Managing stakeholders is one of the most important functions a DS manager is involved. Build trust, build engagement and know how to let go

DS Manager’s Guide by Katie Bauer - Managing stakeholders is one of the most important functions a DS manager is involved: - Building trust. Perception of your work is really important to build trust. - Explain what’s happening behind the scenes - Factor in unknowns when giving estimates: Explain there is data you never looked at. If you have never done, say it. - Be explicit about when someone will hear from you next. Be more predictable. Be clear of hidden costs and explain how your constraints impact delivery. RTB = run-the-business work you need to do to keep the lights on. Make this a visible part of your roadmap. Be clear that maintenance is needed. - DACI: Driver, Approver, Consulted, Informed. Use template - Don’t act like a service team. You don’t let them treat you like a service desk. No one likes to be treated like a service team, on the other hand people usually want requests to be well described. You don’t want to build transactional relationship. Learn the domain because it is critical for interpretation and mapping to semantic concept that is valuable for the organization. Domain knowledge helps not getting nontrivial knowledge. Put yourself in the stakeholder’s shoes, they might have lots of pressure or they might have time constrains. You should commit to the same goals, you should feel responsible to make PMs get faster to a goal. This also creates tighter bonds. - Build engagement: If we want our organizations to use data in their decision making process we need to help them to do it - Make your work easy to consume:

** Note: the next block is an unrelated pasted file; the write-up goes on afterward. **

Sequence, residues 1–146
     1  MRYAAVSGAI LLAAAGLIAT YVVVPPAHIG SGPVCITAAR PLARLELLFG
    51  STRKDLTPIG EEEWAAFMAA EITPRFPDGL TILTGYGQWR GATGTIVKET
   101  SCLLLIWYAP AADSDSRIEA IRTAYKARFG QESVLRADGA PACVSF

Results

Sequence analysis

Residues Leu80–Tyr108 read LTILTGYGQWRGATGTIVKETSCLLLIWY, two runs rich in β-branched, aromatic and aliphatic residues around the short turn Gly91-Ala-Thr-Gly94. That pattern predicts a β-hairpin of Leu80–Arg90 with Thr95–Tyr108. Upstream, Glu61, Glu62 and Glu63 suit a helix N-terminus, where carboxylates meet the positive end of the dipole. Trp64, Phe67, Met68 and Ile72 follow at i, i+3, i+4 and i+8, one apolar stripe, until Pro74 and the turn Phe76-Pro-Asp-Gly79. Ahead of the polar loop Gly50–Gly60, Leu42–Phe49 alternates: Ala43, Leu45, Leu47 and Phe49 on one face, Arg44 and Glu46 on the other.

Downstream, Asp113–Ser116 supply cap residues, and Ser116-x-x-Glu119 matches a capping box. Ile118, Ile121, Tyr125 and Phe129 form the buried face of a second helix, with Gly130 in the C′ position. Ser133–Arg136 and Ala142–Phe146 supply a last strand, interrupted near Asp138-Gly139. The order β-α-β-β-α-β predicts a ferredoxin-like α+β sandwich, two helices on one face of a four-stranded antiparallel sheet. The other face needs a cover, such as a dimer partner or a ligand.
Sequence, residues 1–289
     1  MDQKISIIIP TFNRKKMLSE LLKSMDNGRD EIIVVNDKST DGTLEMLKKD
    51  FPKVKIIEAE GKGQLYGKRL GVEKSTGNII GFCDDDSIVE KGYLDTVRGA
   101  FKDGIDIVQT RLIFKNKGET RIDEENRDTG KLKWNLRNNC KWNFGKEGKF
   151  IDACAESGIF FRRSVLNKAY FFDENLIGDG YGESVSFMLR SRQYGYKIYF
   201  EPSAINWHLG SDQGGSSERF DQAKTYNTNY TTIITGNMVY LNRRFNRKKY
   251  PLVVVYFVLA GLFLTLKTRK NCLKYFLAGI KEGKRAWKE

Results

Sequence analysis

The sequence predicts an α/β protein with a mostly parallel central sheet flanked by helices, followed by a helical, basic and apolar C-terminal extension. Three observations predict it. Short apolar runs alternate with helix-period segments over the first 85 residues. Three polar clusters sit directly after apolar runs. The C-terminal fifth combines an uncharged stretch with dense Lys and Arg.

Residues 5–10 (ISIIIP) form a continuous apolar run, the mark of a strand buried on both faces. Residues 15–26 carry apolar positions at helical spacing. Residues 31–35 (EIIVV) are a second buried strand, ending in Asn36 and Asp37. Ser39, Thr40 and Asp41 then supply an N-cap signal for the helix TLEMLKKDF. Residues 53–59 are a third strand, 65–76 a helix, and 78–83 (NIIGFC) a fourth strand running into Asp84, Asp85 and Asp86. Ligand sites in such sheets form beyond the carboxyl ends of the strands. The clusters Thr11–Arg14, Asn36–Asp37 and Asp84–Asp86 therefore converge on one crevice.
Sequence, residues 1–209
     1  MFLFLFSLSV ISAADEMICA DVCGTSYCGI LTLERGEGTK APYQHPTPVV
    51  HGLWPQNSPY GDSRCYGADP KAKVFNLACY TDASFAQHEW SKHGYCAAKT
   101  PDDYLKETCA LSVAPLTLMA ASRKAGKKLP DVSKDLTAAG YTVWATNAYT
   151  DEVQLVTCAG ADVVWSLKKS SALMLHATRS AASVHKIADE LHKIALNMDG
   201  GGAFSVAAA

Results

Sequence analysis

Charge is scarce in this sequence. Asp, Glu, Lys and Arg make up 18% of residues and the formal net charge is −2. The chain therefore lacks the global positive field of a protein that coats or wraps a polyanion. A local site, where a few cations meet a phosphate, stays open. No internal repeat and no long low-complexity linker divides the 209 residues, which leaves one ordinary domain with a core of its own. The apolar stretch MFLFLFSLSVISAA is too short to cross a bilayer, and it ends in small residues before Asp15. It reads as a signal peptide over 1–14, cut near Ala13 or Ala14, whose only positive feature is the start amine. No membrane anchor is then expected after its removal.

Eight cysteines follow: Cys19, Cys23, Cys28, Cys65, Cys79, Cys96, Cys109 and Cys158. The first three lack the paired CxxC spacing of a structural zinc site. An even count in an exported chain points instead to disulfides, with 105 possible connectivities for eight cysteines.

- Focus on what your stakeholders can control, if you give them good choices backed up by your analysis they will demand more. - Make your work linkable, make it concrete somehow: documentation, a dashboard, a slide deck. It helps making decisions without you in the loop. Easy to reference, easy to build upon. - Know when to make a snack vs prepare a meal. : Modularise analysis in small chunks that people can consume. A meal can also be made up of small components that can be digest easily. - Be predictable: - Reliability and consistency earn more trust than speed - Decide how you will push value to stakeholders - Act like you have paying customers: Semanting versioning is a good mental model, to frame how significant your contributions are. - Find ways to surprise and delight: - Share unexpected findings and thoughtful innovations - Packages them well. If you do this it is really important to contextualise. Be a sumellier, build taste with easy wines, then move to more complex wines. Give people things that you know they like, show them gradually what it is possible. - Don’t overindex on this. Use it judiciously. - Set a good example, then be willing to let go. Show them how it is to use well data, but don’t try to be always the mediator. Let them work and explore the data, make mistakes and let it go.